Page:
Part of the problem with this version is the casting, as Leonardo DiCaprio is out of his element as Gatsby.  Like Redford, another man with a pretty face, he fails to get underneath the mysterious man behind the mask, showing us nothing onscreen that he hasn’t already expressed before, using a really phony accent, as if trying to emulate the Boston inflection of the Kennedy’s, and the film even revives the tragedy of the Chappaquiddick incident, which forever derailed the Presidential ambitions of Ted Kennedy.  Carey Mulligan exudes the pixieish flirtatiousness of Daisy, whose artificiality defines her, along with her reliance upon overcontrolling men, too afraid to ever express her inner self, becoming a tragic lost soul in the process.  Unfortunately, Tobey Maguire as the narrator and writer Nick Carroway is well meaning, but too naïve and passive, not at all reflective of Fitzgerald’s own opulent lifestyle of extravagant wealth and lavish parties, where he and his wife Zelda were renowned New York celebrity socialites, making several excursions to Europe, mostly to Paris, where their faces were all over the magazines and newspapers.  Maguire is simpy too meek of a character to exhibit much insight into the world he is drawn into, kind of blending into the wall for most of the picture, not really affecting much of the action, even though he is the observant eyes and ears of the movie, along with a giant billboard with spectacles seen at the entryway to the road to New York from Long Island, emblematic of the eyes of God watching over all who pass by, becoming an unseen moral conscience.  Surprisingly, the performer who comes across the strongest is fellow Aussie Joel Edgarten in perhaps the most despicable role in the film, Daisy’s unfaithful, double-crossing husband Tom, a man of wealth and social prestige, who flaunts it whenever he can, openly speaking his mind, a man used to getting his way, kind of gruff and rough around the edges, a bit like Howard Duff, becoming domineering and callous to Daisy’s needs, ordering her about like one of the hired help, who are almost exclusively black.  Tom is an East Egg blue blood, a borderline racist who believes people belong in their place, and that includes wives and the would-be nouveau rich living across the bay in the West Egg of Long Island where Gatsby’s mansion sits, people who accumulate wealth by illicit means that he believes are without culture and sophistication.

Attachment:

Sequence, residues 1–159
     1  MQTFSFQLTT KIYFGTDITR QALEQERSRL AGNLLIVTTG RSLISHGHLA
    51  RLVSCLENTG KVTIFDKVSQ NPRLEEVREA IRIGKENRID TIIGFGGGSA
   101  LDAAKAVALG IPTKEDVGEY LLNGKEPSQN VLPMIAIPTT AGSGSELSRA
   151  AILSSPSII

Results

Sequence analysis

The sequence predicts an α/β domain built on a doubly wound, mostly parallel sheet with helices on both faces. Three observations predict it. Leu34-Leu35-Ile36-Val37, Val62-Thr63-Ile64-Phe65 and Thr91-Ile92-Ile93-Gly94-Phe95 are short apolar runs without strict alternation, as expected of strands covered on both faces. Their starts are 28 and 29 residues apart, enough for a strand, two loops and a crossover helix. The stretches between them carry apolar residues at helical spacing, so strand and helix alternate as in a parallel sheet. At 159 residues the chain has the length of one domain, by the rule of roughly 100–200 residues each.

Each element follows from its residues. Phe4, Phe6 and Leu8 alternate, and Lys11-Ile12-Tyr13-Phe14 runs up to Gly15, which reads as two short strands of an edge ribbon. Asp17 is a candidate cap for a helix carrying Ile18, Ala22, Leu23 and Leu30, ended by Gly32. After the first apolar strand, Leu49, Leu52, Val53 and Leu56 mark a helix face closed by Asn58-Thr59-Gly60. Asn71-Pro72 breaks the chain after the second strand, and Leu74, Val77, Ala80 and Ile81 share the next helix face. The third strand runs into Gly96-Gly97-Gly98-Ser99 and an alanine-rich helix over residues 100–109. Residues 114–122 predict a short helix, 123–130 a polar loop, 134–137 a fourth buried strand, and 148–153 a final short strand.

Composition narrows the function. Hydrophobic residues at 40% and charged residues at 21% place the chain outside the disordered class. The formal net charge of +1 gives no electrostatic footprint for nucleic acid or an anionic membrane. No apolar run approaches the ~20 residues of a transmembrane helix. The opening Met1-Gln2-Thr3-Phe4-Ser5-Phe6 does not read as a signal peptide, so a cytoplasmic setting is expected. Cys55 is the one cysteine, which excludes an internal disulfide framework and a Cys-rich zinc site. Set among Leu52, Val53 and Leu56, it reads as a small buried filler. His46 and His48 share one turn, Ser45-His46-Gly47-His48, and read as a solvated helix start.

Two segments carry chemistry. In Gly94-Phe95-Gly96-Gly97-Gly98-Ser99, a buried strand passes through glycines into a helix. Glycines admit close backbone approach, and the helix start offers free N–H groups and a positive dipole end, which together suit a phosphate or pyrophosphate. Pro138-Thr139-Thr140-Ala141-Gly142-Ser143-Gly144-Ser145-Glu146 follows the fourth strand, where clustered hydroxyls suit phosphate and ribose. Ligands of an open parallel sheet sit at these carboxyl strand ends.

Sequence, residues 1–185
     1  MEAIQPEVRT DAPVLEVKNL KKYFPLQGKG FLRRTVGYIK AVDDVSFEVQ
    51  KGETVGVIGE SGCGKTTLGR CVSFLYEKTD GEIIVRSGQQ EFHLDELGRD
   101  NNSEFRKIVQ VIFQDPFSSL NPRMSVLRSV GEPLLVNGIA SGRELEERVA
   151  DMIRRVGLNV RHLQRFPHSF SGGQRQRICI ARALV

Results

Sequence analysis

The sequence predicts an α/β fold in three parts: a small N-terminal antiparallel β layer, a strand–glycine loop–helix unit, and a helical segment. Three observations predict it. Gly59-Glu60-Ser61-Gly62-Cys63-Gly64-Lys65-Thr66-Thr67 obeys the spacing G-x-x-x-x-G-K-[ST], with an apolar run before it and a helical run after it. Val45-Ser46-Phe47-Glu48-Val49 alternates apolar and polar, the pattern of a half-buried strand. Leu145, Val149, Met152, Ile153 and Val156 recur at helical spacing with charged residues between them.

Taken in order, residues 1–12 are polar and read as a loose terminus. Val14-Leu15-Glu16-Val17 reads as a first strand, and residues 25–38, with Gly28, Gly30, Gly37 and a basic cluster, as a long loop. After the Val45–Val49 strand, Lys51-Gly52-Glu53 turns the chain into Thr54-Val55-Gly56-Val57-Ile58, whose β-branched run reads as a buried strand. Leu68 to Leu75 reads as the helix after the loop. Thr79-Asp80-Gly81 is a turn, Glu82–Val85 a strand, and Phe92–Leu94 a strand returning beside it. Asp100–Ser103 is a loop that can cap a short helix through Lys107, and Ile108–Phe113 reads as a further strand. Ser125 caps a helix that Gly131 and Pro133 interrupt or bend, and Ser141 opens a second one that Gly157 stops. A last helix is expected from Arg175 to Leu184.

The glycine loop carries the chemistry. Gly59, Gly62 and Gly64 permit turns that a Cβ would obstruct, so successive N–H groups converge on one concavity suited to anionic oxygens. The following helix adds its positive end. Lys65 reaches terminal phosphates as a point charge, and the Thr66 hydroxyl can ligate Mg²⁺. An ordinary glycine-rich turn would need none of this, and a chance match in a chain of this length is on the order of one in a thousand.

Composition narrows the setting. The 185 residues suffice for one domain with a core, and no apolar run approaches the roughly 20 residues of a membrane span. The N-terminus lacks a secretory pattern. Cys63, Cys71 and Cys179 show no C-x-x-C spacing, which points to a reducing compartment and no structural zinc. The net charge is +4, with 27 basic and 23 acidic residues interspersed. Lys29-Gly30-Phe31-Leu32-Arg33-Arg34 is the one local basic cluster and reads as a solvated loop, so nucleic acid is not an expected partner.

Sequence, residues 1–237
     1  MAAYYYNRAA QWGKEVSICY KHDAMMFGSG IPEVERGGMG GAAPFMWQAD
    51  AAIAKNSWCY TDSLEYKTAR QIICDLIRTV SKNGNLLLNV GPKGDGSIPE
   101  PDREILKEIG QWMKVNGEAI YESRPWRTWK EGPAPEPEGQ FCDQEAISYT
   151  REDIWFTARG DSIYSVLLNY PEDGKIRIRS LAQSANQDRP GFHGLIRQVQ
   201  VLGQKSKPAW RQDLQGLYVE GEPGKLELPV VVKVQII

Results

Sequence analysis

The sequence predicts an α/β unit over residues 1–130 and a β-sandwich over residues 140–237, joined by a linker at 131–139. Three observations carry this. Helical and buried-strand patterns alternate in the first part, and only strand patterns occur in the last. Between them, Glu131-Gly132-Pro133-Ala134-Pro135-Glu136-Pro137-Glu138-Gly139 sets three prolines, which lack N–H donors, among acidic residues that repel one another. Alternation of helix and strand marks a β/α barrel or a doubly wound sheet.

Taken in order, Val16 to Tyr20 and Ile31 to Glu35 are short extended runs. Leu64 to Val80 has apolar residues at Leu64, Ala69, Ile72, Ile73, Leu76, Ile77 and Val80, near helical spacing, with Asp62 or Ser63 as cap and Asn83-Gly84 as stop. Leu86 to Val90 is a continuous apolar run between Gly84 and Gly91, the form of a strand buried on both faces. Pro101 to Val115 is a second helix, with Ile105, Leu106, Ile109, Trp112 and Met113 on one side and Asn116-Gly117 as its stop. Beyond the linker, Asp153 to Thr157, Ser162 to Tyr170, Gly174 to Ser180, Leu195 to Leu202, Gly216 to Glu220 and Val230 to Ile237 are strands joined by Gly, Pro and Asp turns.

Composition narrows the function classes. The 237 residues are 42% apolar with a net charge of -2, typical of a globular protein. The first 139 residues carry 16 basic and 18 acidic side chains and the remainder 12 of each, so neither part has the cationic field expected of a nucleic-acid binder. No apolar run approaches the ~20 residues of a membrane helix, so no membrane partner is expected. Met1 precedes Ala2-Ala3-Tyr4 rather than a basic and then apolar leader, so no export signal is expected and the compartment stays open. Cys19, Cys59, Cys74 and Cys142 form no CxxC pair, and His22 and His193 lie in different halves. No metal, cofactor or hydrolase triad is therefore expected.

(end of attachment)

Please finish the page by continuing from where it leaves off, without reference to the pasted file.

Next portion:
The actual story behind the story, unraveling the mystery of Gatsby, doesn’t become apparent until near the end, where prior to that he’s simply seen as an immensely wealthy man with some dubious underworld business connections, probably making his millions on bootleg liquor, much like Joseph Kennedy Sr, though that has always been speculation, as he also made his millions on stock market insider trading, which was not outlawed at the time, becoming one of the richest men in America.  Gatsby is seen as a man who opens his home nightly to hoardes of party revelers, providing them food, drink, and musical entertainment, while he rarely shows himself, preferring his reclusive status until Nick moves in to a tiny cottage next door, quickly becoming fast friends, especially when he discovers Daisy is his cousin.  You’d think these party sequences would be the film’s cinematic extravagance, interestingly pulsating with a hip hop soundtrack, but Luhrmann only shows what’s necessary, never extending the shots to give the viewer the full effect like he does in MOULIN ROUGE.  Instead he accentuates the rekindled secret love affair between Gatsby and the scandalously married Daisy, where the best part of the film is the sudden shift to romantic feelings of optimism and hope, where Gatsby, who otherwise feels much like a weird stalker, building it all for her hoping one day she would walk inside his doors, and finally their lives suddenly come together and resemble his dream.  It can all happen, but Daisy gets cold feet while at the same time Gatsby reveals a more desperately controlling nature, where it’s all so close that he can taste it, seen alone at night at the end of the pier reaching out towards the green light emanating from the end of her pier across the bay, a warning for boats in the dark.  Nick is there to see it all, when in one stiflingly hot summer afternoon, they decide to get everything out in the open, so Gatsby begins to push Daisy into uncomfortable territory, forcing her to commit when she’s not yet ready, manipulating her in much the same way as that cad of a husband, where one’s no better than the other.  While Fitzgerald’s own life story is about the corrosive effects of wealth and the emptiness of the decadent lifestyle, reflected in the waning egoism and dwindling male self-confidence, destroyed by the continuing effects of alcohol, Luhrmann’s Gatsby is a stark reminder that “All that glitters is not gold,” which comes from Shakespeare’s Merchant of Venice, where in each, senseless tragedy awaits those that fail to heed that message.

No comments:

Post a Comment